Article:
After operation hook-keeper I dug out the sandpaper and started sanding down the grip into a shape I like and had some thoughts about maybe replacing the reelseat for something a little lighter.
And then I started casting.
And then I cast some more
and some more
Well.. you can probably guess where this is going right?
Yep, it was already pretty dark when I went home and concluded that this blank is very very good.
If a rod can make you forget what time it is, it must be something special, which is exaclty what it is.
It loads beautifully and does everything you want it to do with ease. And with that I don't just mean trying to cast a hole in the horizon, but all slack-line and curves and funky casts that you need when you're out fishing and being able to make this and this presentation can be the difference between succes and a fruitless night out on the water. Oh yeah, and apart from all of the above its looks are something that has to be seen to be believed. That just about wraps it all up and makes it very easy to conclude that this entry is going nowhere. This is not a rod-review.
It's a lovesong....
Monday, August 23, 2010
Flyfishing for brown trout with a dryfly actually involves quite a bit of doing nothing. Well, that's not entirely true. Nothing means: not stumpin' around and blind-casting like there's now tomorrow on the riverbank in my way-to-visible wading-jacket. Trout don't give a shit about fashion-statements. Their primary concerns involve a safe place and having some nice food since once it's there.
The entire philosophy behind this kind of fishing is based on the principle that there is no reason to show yourself, or make a cast without a good chance of catching the fish you've set your eyes on.
Staffan imprinted illustrated this with the quote that ".. every trout has a gun..".
Apart from being stealthy there are a few more things you need to know before you're on your way to the status of legendary trout-slayer. I won't bore you with to much technical talk right now, because I want to take out some time to fill the natural desire to impress that is inside every one of us.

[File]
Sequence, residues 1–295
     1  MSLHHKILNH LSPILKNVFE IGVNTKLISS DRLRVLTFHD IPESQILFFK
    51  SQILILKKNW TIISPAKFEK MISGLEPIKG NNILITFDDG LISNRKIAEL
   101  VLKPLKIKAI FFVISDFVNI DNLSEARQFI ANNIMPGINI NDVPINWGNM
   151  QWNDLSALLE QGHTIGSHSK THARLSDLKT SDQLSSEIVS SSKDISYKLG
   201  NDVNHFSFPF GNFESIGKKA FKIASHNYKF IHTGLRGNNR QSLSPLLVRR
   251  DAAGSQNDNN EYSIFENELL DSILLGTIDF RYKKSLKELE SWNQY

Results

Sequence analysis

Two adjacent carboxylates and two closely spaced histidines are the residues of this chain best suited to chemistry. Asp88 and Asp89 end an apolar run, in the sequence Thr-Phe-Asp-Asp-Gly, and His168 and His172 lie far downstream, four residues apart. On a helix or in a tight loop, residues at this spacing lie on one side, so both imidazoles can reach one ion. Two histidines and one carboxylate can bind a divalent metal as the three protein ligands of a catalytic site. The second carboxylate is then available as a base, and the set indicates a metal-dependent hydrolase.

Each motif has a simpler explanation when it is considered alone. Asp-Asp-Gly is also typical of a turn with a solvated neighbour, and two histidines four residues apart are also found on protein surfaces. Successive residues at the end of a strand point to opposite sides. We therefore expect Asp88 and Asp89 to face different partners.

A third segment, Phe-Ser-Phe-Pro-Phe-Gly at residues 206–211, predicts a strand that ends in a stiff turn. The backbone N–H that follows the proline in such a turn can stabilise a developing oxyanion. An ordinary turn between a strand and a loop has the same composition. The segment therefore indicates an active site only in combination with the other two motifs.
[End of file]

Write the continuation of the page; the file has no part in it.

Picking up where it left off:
I know everybody can think of people that have reached this expert status; far out of reach for the rest of us mortals. But I am here to tell you that it isn't.
During my time on the riverbank I've had quite some time to think it through and I think I've cracked it. So here we go. How to become a legend in a few easy to follow steps.
Step no.1 Always fish alone.
This gives you freedom to go where you want and there's nobody who can tell about you hooking the trees five casts in a row, stepping on a fish or dropping your sunglasses in the river and.... well, the list goes on and on.
Step no.2 Make sure you are always the last one to return back to camp.
This is a very important one. If you want to become a legend you need an audience. If you are the first one to return, you ARE the audience. So stay out for as long as you can and keep them waiting for a while. This also cleverly taps into the doubts that every fisherman has about the right moment to stop. Every last cast is never just one cast is it? Well, if the rest of the camp has been hanging around the fire for an hour or so and you're still not there, they start to wonder why and start doubting if they left to early and if you by any chance know something they don't.
Step no.3 Only talk when you have to.
Once again a very easy one to remember but difficult in real-life. But, as long as you keep your mouth shut it is impossible to f@#k up. If you get questions asked keep your reply purposely vague. Most people already know what they would like to hear, so a vague recollection of the facts as they unfolded will do just fine. The audience will fill in the blanks themselves.
Step no.4 Do not make pictures of the fish you catch.
It is hard to resist the temptation, but remember that pictures don't lie, that's your job. In the end you're better of without a camera but with a good story. It also helps to casually mention that pictures are are not important to you. Remarks like this, if timed right, really help in building your status. Remember that a true legend doesn't need proof of his own greatness.
If you follow these guidelines you will have a statue on village-squares across the globe. Invitations for interviews, photo-sessions and tv-shows will be on you doormat by the dozen and all the girls.... Well.... 'Nuff said.
Wednesday, August 18, 2010
and I can tell you that it actually makes quite a bit of difference to the feel of the line.
In the weeks before my friend Staffan told me about it making your flyline so much better. Turning it into what you've always wanted it to be.
Now, I like a good joke as much as the next guy, but I was pretty sure that he wasn' t joking around on this one. So, after we got back for the Northern part of Norway (more about that later) four guys stripped their line from the reel while one of the other guys put the kettle on. For those still in doubt here' s the recipe for the infamous "Spaghetti di Rena":